Adhesions have become the most frequent complications of abdominal surgery—93 % of patients undergoing any abdominal/pelvic surgery are affected [5]—and an important source of postoperative problems
  • The overall risk of adhesion-related readmission following either laparoscopic or open surgery is comparable [8]

  • Over one third of patients who undergo extensive open surgery seem to be readmitted with adhesion-related complications within 10 years [9]

  • Adhesions are involved in 56 % of reintervention complications [10]

  • Seventy-four percent of cases of bowel obstruction are due to post-surgical adhesions [11]

  • Adhesions are associated with a marked risk of enterotomy jeopardising 19 % and 10–25 % of patients undergoing open and laparoscopic surgery, respectively [12, 13]

  • Adhesions are responsible for 20–40 % of secondary infertility cases in women [14, 15]

In addition, adhesions generate a high number of reinterventions, increase hospital stays, extend reintervention times and can make it impossible to apply minimally invasive surgery. Last but not least, managing adhesions and their related complications impose an enormous economic burden. In the UK, the cost of adhesion-related readmissions was estimated at £24.2 and £95.2 million at 2 and 5 years after surgery, respectively [16]

The six basic rules of postoperative adhesion prevention in gynaecological surgery [2]

  1. 1.

    The risk of postoperative adhesions should be systematically discussed with any patient scheduled for open or laparoscopic abdominal surgery prior to obtaining his/her informed consent

     
  2. 2.

    Surgeons need to act to reduce postoperative adhesions in order to fulfill their duty of care towards patients undergoing abdominal surgery

     
  3. 3.
    Surgeons should adopt a routine adhesion reduction strategy at least for patients undergoing high-risk surgery, including:
    1. (a)

      Ovarian surgery

       
    2. (b)

      Endometriosis surgery

       
    3. (c)

      Tubal surgery

       
    4. (d)

      Myomectomy

       
    5. (e)

      Adhesiolysis

       
     
  4. 4.
    Good surgical technique is fundamental to any adhesion reduction strategy
    1. (a)

      Carefully handle tissue with field enhancement (magnification) techniques

       
    2. (b)

      Focus on planned surgery and, if any secondary pathology is identified, question the risk: benefit ratio of surgical treatment before proceeding

       
    3. (c)

      Perform diligent haemostasis and ensure diligent use of cautery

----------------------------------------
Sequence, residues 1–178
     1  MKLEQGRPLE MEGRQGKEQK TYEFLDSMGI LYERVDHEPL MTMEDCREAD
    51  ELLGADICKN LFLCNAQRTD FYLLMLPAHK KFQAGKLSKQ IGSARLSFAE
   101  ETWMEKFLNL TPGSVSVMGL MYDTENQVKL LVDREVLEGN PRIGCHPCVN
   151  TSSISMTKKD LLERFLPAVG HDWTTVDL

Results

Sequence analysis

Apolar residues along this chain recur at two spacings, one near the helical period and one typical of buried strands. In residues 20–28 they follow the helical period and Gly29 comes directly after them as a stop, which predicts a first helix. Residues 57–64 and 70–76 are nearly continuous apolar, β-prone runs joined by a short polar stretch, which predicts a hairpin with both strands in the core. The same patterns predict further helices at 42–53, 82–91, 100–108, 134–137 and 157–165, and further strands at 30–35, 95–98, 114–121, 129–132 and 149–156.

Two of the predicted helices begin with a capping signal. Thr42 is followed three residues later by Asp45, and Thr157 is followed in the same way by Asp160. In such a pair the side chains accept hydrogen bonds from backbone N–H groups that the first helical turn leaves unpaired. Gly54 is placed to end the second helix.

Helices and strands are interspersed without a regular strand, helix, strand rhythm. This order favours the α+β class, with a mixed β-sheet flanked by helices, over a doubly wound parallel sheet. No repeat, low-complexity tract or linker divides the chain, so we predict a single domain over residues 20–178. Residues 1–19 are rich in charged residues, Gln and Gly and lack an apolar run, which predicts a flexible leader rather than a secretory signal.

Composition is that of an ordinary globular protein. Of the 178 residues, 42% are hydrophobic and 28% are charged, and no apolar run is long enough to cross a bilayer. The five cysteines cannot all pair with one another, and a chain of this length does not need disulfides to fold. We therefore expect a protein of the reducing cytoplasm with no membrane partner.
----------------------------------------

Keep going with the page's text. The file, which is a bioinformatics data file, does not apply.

4. (d)

      Reduce cautery time and frequency and aspirate aerosolised tissue following cautery

       
    5. (e)

      Excise tissue—reduce fulguration

       
    6. (f)

      Reduce duration of surgery

       
    7. (g)

      Reduce pressure and duration of pneumoperitoneum in laparoscopic surgery

       
    8. (h)

      Reduce risk of infection

       
    9. (i)

      Reduce drying of tissues

       
    10. (j)

      Use frequent irrigation and aspiration in laparoscopic and laparotomic surgery when needed

       
    11. (k)

      Limit use of sutures and choose fine non-reactive sutures

       
    12. (l)

      Avoid foreign bodies when possible—such as materials with loose fibres

       
    13. (m)

      Avoid non-peritonised implants and meshes

       
    14. (n)

      Minimal use of dry towels or sponges in laparotomy

       
    15. (o)

      Use starch- and latex-free gloves in laparotomy

       
     
  5. 5.
    Surgeons should consider the use of adhesion reduction agents as part of the adhesion reduction strategy
    1. (a)

      Give special consideration to agents with data supporting safety in routine surgery and efficacy in adhesion prevention

       
    2. (b)

      Practicality, ease of use, and cost of agents should influence their selection for routine practice

       
     
  6. 6.

    Good medical practice implies that any serious or frequently occurring risks be discussed before obtaining the patient’s informed consent prior to surgery

     

For women undergoing gynaecological surgery, and particularly those undergoing tubal and ovarian surgery procedures, who wish to conceive, the implementation of good surgical practice, together with the adoption of adhesion-reduction agents, is paramount to reduce adhesion formation. As all healthcare providers, surgeons have the duty to protect patients by providing the best standards of care—this includes taking steps to reduce adhesion formation.

Declarations

Acknowledgments

This publication was supported by an unrestricted educational grant from Nordic Pharma GmbH, Ismaning, Germany.

Declaration of interest

This publication was supported by an unrestricted educational grant from Nordic Pharma GmbH, Ismaning, Germany.

Open Access

This article is distributed under the terms of the Creative Commons Attribution License which permits any use, distribution, and reproduction in any medium, provided the original author(s) and the source are credited.

Authors’ Affiliations

(1)
Pius-Hospital Frauenklinik
(2)
VU University
(3)
University Hospital Gasthuisberg, Katholieke Universiteit
(4)
Viborg Hospital
(5)
The Womens’ Health Partnership Ltd
(6)
Hôpital de Hautepierre
(7)
Charles University
(8)
Department of Obstetrics and Gynaecology, University of Heidelberg

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Copyright

© The Author(s) 2012